Fall 1998

HIST 559 ECONOMIC HISTORY II: THE RISE OF CAPITALISM

Wed. 8:40-9:40-10:40 classroom: AZ07

 

Dr. Russell L. Johnson
Department of History
Bilkent University

Office: MA205A Isletme Fakultesi
Office Hours: M 1040; T,Th 1440
Office Phone: ext. 1246

 

COURSE DESCRIPTION.
This course surveys economic development-especially the rise of industrial capitalism in the West-from mid-seventeenth century mercantilism and proto-industrialization-through the post World War II recovery--the so-called "golden age" of capitalism. Our task will be three-fold: to learn something of the topic (economic development), to consider what historians have written about the subject, and, more broadly, to foster an understanding of how historians think. Accordingly, each week's material contains a list of common readings (roughly 100 pages), as well as a list of representative monographs on the given topic. Students will NOT be expected to read ALL of these monographs for this course; they are intended as a guide to further reading, reading of the kind students will need to do to pass qualifying (comprehensive) exams in a Ph.D. program.

Topics: Primitive Accumulation || Adam Smith || The First Industrial Revolution in England and Europe || Early Industrialization in the United States || Standards of Living and Historical Anthropometrics || Karl Marx || Later Industrialization in the United States || Later Industrialization in Europe and Japan || Imperialism and Neo-Colonialism || Depression and World War || John Maynard Keynes || Recovery after World War II: Capitalism's "Golden Age" || The Asian "Miracle"

REQUIREMENTS.

  1. Reviews: Four (4) times during the semester, students will be expected to select one book from the list of supplementary readings and prepare a 750-1000 word review of that book for discussion in class. This should be given to the instructor (in the mailbox is ok) no later than 1200 hours on the day before the class meets; late reviews cannot be accepted. Students will also be expected to talk in class about the books they have read/reviewed.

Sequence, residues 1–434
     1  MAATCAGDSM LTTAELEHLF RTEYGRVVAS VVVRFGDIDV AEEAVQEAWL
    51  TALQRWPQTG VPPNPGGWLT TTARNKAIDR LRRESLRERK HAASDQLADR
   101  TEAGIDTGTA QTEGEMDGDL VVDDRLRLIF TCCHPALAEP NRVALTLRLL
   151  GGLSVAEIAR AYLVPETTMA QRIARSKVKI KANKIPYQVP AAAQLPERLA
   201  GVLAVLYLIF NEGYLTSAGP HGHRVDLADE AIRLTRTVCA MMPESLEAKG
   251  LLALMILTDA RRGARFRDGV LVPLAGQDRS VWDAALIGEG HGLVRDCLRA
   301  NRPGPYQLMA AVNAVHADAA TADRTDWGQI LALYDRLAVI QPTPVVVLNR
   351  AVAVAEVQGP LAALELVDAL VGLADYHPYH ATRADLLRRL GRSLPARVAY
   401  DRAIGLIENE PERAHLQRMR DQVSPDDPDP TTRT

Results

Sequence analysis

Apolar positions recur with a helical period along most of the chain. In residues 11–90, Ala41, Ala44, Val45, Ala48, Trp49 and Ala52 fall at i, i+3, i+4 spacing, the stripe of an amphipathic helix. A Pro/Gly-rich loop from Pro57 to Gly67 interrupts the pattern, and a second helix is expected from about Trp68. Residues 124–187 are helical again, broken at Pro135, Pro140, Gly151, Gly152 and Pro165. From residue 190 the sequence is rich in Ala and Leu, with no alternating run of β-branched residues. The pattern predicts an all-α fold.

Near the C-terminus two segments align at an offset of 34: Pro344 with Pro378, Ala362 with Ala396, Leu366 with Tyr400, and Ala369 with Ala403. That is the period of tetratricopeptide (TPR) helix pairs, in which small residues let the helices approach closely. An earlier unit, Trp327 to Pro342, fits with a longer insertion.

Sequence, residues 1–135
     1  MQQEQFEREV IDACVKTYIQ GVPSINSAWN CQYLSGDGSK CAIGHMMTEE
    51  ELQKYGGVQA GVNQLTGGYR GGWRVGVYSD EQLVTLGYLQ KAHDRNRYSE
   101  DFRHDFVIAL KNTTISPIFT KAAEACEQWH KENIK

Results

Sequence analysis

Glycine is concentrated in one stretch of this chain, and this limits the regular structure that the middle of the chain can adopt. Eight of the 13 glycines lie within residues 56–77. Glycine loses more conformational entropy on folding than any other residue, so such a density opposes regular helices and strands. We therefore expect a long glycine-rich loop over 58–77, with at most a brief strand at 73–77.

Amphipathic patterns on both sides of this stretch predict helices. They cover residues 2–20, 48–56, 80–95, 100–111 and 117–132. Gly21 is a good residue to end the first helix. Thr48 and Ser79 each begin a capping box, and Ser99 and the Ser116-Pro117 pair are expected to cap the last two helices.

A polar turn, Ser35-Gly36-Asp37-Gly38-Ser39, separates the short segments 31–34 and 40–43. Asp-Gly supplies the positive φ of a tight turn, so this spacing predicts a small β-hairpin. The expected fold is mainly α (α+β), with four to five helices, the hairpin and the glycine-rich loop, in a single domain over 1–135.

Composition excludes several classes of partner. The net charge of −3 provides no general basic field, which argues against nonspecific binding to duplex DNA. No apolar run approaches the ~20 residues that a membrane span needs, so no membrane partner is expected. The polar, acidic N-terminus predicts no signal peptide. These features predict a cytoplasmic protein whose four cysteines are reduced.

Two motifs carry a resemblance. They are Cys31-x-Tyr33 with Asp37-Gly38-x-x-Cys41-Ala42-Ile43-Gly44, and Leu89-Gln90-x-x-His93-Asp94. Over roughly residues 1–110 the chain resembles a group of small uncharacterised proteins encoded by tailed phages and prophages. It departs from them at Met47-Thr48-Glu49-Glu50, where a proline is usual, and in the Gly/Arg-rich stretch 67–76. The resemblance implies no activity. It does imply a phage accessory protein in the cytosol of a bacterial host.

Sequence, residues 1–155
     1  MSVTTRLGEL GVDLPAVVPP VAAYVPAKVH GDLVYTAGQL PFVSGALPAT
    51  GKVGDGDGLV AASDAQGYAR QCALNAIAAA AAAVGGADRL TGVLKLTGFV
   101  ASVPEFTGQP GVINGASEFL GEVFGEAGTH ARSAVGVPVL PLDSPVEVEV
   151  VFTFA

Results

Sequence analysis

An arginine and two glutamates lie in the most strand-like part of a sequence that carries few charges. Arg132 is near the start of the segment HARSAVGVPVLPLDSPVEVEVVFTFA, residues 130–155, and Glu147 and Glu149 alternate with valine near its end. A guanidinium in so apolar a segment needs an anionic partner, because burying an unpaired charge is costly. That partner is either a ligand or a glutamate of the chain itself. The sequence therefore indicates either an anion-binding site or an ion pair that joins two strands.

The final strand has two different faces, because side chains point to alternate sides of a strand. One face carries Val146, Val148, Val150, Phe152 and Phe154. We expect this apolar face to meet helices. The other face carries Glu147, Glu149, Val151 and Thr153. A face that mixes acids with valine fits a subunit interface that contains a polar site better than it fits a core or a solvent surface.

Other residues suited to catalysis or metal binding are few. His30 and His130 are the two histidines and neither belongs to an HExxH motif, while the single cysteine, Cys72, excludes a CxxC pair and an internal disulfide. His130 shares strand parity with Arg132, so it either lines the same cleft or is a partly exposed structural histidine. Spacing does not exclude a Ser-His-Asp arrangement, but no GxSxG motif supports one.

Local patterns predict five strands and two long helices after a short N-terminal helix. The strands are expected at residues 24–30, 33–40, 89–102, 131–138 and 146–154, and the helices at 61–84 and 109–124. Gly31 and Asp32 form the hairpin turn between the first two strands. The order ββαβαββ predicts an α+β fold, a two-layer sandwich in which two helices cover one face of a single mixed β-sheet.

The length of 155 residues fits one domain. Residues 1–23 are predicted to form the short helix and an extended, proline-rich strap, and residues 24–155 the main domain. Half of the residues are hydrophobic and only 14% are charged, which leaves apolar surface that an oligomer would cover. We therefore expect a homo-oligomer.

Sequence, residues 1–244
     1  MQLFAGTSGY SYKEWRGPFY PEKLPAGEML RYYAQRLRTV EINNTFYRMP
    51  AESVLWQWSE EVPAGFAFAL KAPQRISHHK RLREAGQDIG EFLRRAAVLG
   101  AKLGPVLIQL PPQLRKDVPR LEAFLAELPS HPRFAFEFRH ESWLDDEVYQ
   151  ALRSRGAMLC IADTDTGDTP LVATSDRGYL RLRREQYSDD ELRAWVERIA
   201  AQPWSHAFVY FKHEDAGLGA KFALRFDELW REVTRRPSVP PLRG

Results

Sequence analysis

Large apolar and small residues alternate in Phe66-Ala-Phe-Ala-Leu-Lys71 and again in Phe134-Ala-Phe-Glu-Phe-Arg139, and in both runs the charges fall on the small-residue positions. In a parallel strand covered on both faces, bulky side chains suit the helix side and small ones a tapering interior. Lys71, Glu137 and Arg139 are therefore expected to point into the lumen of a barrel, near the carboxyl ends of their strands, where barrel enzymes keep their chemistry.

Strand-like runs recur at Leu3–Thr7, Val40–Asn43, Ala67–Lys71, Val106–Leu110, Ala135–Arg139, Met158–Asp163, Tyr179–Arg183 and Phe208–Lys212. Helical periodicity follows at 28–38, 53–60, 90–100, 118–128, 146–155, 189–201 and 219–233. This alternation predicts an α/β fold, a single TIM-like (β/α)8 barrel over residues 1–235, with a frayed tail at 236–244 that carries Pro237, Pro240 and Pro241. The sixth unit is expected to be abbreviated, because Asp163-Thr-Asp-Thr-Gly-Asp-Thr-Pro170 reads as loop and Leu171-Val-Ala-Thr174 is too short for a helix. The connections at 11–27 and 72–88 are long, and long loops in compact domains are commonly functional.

FURTHER NOTES:
    a) When two or more students are doing reviews for a particular class, they MUST NOT read the same book.
    b) Students may do only one review for a given week.
    c) Generally, a good review does three things:

    i) identifies the thesis of the book being reviewed;

    ii) summarizes the content of the book (including types of sources consulted) directed toward proving that thesis;

    iii) assesses the thesis (is it successfully proved? Why or why not? What might the author have done differently/better? etc).

    d) It is STRONGLY recommended that students consult some examples of book reviews in professional journals (American Historical Review, Economic History Review, Journal of Interdisciplinary History, etc., etc.) to see the way reviewers work before attempting their first review.
  2. Novel Analysis: Each student will also be expected to select one novel from a selected list (to see the list, click here) and analyze it in terms of what it says about the issues of importance in this course--economic development, economic history, industrialization, industrial values, etc. Remember a good novel, like a good history book, contains an argument (usually more than one). This assignment can be completed anytime during the semester.